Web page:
Manifolds in Image Science and Visualization
Abstract: A Riemannian manifold is a mathematical concept that generalizes curved surfaces to higher dimensions, giving a precise meaning to concepts like angle, length, area, volume and curvature. A glimpse of the consequences of a non-?at geometry is given on the sphere, where the shortest path between two points – a geodesic – is along a great circle. Different from Euclidean space, the angle sum of geodesic triangles on the sphere is always larger than 180 degrees.Signals and data found in applied research are sometimes naturally described by such curved spaces. This dissertation presents basic research and tools for the analysis, processing and visualization of such manifold-valued data, with a particular emphasis on future applications in medical imaging and visualization.Two-dimensional manifolds, i.e. surfaces, enter naturally into the geometric modelling of anatomical entities, such as the human brain cortex and the colon. In advanced algorithms for processing of images obtained from computed tomography (CT) and ultrasound imaging (US), images themselves and derived local structure tensor ?elds may be interpreted as two- or three-dimensional manifolds. In diffusion tensor magnetic resonance imaging (DT-MRI), the natural description of diffusion in the human body is a second-order tensor ?eld, which can be related to the metric of a manifold. A ?nal example is the analysis of shape variations of anatomical entities, e.g. the lateral ventricles in the brain, within a population by describing the set of all possible shapes as a manifold.Work presented in this dissertation include: Probabilistic interpretation of intrinsic and extrinsic means in manifolds. A Bayesian approach to ?ltering of vector data, removing noise from sampled manifolds and signals. Principles for the storage of tensor ?eld data and learning a natural metric for empirical data.The main contribution is a novel class of algorithms called LogMaps, for the numerical estimation of logp (x) from empirical data sampled from a low-dimensional manifold or geometric model embedded in Euclidean space. The logp (x) function has been used extensively in the literature for processing data in manifolds, including applications in medical imaging such as shape analysis. However, previous approaches have been limited to manifolds where closed form expressions of logp (x) have been known. The introduction of the LogMap framework allows for a generalization of the previous methods. The application of LogMaps to texture mapping, tensor ?eld visualization, medial locus estimation and exploratory data analysis is also presented.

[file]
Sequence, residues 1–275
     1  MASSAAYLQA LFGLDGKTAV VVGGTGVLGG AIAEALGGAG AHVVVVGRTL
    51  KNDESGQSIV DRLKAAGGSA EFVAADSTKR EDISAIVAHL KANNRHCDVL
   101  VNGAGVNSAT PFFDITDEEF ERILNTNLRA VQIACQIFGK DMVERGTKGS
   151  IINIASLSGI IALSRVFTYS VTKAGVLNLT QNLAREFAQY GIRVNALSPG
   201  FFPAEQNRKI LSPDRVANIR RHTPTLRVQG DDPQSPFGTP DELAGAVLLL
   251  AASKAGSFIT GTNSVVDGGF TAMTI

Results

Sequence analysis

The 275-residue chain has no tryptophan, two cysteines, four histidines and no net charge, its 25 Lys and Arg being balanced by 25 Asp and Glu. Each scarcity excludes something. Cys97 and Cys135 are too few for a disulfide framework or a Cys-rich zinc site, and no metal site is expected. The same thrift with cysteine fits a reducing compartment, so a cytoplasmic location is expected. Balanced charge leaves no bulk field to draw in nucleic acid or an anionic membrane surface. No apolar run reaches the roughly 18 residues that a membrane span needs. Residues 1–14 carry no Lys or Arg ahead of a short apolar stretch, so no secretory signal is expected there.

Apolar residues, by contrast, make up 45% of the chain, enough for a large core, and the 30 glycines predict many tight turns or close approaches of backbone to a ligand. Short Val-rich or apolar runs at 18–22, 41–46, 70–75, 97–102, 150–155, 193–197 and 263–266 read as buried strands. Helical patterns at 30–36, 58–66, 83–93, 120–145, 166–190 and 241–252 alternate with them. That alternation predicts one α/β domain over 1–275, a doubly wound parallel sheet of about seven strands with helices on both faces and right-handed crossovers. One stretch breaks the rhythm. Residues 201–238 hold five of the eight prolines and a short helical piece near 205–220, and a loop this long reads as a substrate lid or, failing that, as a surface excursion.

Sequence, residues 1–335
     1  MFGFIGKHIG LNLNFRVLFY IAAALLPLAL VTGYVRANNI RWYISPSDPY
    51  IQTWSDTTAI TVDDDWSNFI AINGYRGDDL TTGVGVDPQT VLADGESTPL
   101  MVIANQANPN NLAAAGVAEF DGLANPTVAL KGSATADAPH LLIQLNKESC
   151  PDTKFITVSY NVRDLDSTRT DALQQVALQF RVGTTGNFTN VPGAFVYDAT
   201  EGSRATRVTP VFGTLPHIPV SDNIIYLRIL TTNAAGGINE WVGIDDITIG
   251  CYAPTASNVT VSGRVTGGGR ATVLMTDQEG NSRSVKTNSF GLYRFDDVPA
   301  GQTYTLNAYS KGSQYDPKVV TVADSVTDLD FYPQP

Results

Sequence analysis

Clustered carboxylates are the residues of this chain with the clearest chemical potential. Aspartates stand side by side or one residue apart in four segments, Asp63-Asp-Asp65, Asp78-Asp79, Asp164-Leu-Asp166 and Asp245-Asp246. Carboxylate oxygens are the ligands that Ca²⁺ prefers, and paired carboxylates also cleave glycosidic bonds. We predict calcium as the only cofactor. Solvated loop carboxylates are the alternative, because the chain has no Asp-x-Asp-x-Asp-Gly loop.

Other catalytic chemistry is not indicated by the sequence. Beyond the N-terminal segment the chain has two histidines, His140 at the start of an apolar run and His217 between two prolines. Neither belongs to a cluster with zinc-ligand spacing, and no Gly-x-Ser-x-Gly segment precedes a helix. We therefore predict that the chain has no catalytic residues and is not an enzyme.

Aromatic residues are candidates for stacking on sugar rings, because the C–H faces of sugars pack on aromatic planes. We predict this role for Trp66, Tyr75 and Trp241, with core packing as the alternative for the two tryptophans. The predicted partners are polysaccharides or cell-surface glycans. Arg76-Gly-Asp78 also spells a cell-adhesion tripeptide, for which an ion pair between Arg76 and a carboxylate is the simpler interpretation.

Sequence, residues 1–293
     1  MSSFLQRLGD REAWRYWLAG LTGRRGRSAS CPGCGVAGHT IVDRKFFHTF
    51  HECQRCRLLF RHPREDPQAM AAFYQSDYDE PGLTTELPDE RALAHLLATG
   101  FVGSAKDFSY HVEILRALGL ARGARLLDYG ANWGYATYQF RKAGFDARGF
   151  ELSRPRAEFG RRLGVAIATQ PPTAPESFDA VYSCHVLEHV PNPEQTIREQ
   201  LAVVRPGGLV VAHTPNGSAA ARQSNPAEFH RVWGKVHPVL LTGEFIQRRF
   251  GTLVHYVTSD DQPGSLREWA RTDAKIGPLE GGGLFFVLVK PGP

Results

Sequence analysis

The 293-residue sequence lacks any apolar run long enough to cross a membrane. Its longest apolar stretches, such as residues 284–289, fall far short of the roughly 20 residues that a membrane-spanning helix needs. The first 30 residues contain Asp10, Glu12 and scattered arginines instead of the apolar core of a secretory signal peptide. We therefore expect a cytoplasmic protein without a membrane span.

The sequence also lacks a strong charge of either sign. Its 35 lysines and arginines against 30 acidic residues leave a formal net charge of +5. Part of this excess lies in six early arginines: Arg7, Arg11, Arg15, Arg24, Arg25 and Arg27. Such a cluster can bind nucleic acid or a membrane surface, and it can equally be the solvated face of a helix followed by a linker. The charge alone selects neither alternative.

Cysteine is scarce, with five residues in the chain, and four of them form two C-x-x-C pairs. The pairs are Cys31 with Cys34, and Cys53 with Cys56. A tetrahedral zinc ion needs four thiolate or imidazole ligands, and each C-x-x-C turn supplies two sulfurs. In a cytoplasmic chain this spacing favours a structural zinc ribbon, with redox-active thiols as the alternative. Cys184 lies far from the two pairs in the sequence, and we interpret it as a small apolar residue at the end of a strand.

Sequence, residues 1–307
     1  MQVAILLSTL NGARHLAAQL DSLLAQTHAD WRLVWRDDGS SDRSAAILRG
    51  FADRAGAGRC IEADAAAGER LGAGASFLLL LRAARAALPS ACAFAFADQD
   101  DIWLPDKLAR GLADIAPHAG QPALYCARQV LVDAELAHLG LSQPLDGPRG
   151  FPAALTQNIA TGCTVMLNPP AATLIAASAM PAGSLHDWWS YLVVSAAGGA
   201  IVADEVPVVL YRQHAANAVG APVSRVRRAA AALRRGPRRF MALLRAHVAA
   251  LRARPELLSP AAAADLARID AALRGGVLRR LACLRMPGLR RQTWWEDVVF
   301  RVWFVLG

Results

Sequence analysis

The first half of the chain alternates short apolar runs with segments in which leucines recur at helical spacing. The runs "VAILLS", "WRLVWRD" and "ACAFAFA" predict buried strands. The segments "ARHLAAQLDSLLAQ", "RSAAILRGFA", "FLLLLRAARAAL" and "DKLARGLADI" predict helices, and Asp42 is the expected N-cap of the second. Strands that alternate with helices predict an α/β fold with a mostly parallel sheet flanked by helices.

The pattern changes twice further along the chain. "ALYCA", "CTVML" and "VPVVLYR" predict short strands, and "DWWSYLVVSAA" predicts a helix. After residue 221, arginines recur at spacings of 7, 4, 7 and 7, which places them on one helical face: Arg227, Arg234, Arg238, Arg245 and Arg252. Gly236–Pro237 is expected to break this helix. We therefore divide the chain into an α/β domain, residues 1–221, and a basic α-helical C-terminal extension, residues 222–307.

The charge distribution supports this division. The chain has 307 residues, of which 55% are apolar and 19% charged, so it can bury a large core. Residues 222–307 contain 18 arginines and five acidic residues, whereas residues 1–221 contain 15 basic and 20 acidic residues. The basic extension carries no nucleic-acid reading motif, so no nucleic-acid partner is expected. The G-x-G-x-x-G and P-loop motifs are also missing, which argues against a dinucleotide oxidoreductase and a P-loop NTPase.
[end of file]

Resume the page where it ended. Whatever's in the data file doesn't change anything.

CLICK HERE TO DOWNLOAD THE WHOLE DISSERTATION. (in PDF format)